Simms, H. (2019). Exploring the Relationship of Grit as a Non-Cognitive Predictor of First Semester Academic Success for Community College Transfer Students. Unc Charlotte Electronic Theses And Dissertations.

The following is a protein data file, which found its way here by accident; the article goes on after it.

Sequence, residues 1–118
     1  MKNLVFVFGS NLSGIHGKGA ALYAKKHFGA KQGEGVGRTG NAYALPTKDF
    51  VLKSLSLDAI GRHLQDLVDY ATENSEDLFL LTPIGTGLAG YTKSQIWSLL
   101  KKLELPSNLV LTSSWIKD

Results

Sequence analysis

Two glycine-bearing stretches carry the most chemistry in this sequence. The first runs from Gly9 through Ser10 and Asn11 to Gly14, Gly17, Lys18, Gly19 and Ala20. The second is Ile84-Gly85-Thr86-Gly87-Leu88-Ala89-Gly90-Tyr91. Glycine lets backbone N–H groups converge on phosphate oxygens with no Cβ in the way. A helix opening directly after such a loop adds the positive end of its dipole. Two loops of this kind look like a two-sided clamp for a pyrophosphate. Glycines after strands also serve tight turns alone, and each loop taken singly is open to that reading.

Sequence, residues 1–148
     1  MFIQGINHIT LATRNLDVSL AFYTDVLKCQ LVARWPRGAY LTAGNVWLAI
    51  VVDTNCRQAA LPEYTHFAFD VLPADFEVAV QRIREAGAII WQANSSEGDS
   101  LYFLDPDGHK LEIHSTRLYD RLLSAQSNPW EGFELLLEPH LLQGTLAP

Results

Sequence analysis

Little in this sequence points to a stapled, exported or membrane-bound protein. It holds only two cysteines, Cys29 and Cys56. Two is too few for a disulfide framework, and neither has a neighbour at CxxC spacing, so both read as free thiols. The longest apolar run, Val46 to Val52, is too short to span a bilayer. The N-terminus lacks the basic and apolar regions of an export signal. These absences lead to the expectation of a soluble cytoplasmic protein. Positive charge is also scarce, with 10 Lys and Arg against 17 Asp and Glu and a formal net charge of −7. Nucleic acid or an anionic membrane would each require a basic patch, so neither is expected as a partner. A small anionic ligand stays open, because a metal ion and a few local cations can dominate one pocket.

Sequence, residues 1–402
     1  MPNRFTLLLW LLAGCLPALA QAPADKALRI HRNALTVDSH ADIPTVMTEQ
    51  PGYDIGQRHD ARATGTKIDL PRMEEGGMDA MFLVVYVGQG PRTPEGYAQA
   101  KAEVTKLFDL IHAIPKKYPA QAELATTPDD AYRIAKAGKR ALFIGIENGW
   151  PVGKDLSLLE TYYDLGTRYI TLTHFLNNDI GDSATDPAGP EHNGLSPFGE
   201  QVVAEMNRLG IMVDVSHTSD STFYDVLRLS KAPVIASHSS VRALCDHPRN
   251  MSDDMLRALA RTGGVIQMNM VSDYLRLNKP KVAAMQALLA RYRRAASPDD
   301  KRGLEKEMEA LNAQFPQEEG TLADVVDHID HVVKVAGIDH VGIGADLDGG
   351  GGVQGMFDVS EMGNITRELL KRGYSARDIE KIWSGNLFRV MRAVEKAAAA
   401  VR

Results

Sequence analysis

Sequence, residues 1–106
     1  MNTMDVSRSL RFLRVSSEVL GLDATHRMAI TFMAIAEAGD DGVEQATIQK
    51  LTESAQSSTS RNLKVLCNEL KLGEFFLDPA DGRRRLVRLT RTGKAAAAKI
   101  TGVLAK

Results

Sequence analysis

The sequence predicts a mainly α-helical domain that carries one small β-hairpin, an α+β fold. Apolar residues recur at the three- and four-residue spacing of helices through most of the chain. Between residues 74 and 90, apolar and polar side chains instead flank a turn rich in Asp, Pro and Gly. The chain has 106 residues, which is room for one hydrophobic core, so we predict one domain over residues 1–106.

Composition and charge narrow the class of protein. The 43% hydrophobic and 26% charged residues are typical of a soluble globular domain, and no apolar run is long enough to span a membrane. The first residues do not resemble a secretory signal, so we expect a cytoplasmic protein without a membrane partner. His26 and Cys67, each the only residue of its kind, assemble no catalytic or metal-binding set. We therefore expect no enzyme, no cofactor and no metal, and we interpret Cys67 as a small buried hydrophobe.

A growing narrative within higher education is to discover better practices and strategies that will increase retention and graduation rates among community college transfer students. Community college transfer students are at significant risk of not completing a bachelor's degree and four-year institutions need to better understand the academic challenges of transfer students at the senior institution. Jenkins and Fink (2016) found that students who originated from a North Carolina community college have only a 10 percent bachelor's degree completion rate, which is well below the national average. Grit is a non-cognitive area of research that is attributed to being a combination of perseverance and determination directly linked to higher education and collegiate academic outcomes to achieve long-term goals. The purpose of this exploratory study is to examine Grit as an outcome variable of previous transfer specific indicators and determine the relationship between self-reported Grit levels and community college student’s first semester outcomes post-transfer. More specifically, the study seeks to determine the relationship between a designated non-cognitive factor (Grit), the size and transfer focus of the previous institution (Carnegie Classification) and other transfer specific variables with subsequent first-semester GPA. Multiple linear regression analyses were used to determine the level of significance that occurred between the predictor variables and the outcome variables. The average age of the community college students in the study was 24 (SD = 6.77). Composite Grit scores ranged from 15 to 40 and had a mean of 28.71 (SD = 4.85). Cronbach’s alpha for Composite Grit was (α = 0.76), Perseverance of Effort reached marginal reliability (α = 0.60), and Consistency of Interest reached acceptable reliability (α = 0.76). The first regression analysis statistically significantly predicted the composite Grit score, p < .05, and accounted for 10.4% of the variance. The results indicated that only Transfer GPA was statistically significant. The second regression analysis was statistically significant for first semester GPA, p < .001, and the analysis accounted for 21.2% of the variance. The results indicated that Transfer GPA, Age, and Small Carnegie classified community colleges were statistically significant. Overall, the results of the study found that Grit, Carnegie Classification, and specified transfer related variables did not demonstrate a strong relationship with the academic performance for community college transfer students in the present study.